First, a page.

skip to main content

Search for: All records

Creators/Authors contains: "Yao, Wei"

Note: When clicking on a Digital Object Identifier (DOI) number, you will be taken to an external site maintained by the publisher. Some full text articles may not yet be available without a charge during the embargo (administrative interval).
What is a DOI Number?

Some links on this page may take you to non-federal websites. Their policies may differ from this site.

  1. Jumping spiders (Salticidae) rely on accurate depth perception for predation and navigation. They accomplish depth perception, despite their tiny brains, by using specialized optics. Each principal eye includes a multitiered retina that simultaneously receives multiple images with different amounts of defocus, and from these images, distance is decoded with relatively little computation. We introduce a compact depth sensor that is inspired by the jumping spider. It combines metalens optics, which modifies the phase of incident light at a subwavelength scale, with efficient computations to measure depth from image defocus. Instead of using a multitiered retina to transduce multiple simultaneous images, the sensor uses a metalens to split the light that passes through an aperture and concurrently form 2 differently defocused images at distinct regions of a single planar photosensor. We demonstrate a system that deploys a 3-mm-diameter metalens to measure depth over a 10-cm distance range, using fewer than 700 floating point operations per output pixel. Compared with previous passive depth sensors, our metalens depth sensor is compact, single-shot, and requires a small amount of computation. This integration of nanophotonics and efficient computation brings artificial depth sensing closer to being feasible on millimeter-scale, microwatts platforms such as microrobots and microsensormore »networks.« less
  2. Abstract

    The cycle life of rechargeable lithium (Li)‐metal batteries is mainly restrained by dendrites growth on the Li‐metal anode and fast depletion of the electrolyte. Here, we report on a stable Li‐metal anode enabled by interconnected two‐dimensional (2D) arrays of niobium nitride (NbN) nanocrystals as the Li host, which exhibits a high Coulombic efficiency (>99 %) after 500 cycles. Combining theoretical and experimental analysis, it is inferred that this performance is due to the intrinsic properties of interconnected 2D arrays of NbN nanocrystals, such as thermodynamic stability against Li‐metal, high Li affinity, fast Li+migration, and Li+transport through the porous 2D nanosheets. Coupled with a lithium nickel–manganese–cobalt oxide cathode, full Li‐metal batteries were built, which showed high cycling stability under practical conditions – high areal cathode loading ≥4 mAh cm−2, low negative/positive (N/P) capacity ratio of 3, and lean electrolyte weight to cathode capacity ratio of 3 g Ah−1. Our results indicate that transition metal nitrides with a rationally designed structure may alleviate the challenges of developing dendrite‐free Li‐metal anodes.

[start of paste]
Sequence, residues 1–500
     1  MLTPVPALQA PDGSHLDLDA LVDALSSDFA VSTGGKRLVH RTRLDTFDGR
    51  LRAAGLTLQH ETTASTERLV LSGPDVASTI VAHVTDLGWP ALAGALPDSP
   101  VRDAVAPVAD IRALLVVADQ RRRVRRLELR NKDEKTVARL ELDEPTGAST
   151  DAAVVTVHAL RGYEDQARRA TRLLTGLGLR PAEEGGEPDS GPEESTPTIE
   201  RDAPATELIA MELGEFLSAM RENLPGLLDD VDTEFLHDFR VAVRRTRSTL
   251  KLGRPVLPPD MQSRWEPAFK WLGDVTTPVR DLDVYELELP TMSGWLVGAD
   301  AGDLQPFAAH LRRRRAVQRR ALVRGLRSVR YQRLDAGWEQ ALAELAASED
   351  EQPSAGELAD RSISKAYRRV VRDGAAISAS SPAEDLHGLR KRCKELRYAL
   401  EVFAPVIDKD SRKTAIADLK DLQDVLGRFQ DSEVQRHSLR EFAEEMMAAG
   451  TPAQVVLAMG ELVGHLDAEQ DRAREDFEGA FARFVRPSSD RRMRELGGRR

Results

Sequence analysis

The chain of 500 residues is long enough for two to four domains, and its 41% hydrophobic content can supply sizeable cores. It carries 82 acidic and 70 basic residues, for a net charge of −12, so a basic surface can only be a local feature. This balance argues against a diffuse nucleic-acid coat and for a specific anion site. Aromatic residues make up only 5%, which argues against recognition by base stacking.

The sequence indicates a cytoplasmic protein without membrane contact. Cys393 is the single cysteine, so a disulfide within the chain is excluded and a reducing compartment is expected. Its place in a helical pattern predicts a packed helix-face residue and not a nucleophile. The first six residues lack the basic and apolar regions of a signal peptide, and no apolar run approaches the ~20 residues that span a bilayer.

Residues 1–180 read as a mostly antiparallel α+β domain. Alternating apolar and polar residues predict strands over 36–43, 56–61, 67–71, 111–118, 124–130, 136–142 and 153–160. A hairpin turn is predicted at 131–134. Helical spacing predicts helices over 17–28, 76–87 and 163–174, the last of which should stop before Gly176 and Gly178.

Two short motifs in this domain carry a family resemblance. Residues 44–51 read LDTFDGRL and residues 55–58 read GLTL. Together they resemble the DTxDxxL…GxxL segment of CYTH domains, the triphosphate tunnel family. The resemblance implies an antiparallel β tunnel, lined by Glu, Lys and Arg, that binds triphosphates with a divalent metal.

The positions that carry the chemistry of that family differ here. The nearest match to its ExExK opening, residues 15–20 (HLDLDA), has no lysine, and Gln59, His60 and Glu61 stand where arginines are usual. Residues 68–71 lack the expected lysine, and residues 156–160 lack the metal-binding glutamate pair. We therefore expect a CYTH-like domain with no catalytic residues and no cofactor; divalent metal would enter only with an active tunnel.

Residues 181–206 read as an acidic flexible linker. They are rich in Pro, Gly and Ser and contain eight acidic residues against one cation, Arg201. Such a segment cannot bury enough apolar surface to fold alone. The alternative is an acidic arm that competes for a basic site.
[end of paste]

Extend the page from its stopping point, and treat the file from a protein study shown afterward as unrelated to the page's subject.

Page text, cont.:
3. Abstract

    The spectral resolution and range of conventional spectrometers are typically limited by optical aberrations of their focusing elements, mainly due to chromatically induced astigmatism and an intrinsically curved focal plane. Traditional approaches to overcome this challenge require additional optical components which introduce significant bulk and design complexity to the system and prevent easy integration with portable devices. Here a single planar off‐axis focusing metalens consisting of subwavelength TiO2nanofins whose focal spots lie along a plane and undergo minimal focal spot broadening for almost 200 nm across the visible spectrum is demonstrated. This allows us to achieve a miniature aberration‐corrected spectrometer with nanometer spectral resolution, while having a beam propagation distance of only 4 cm to the camera plane. This is achieved by dispersion engineering: tailoring the phase, group delay (GD) and GD dispersion of the metalens. This approach is general and can also be used to introduce customized functionalities to the metalens such as a linear dispersion in the frequency domain with minimal additional overhead.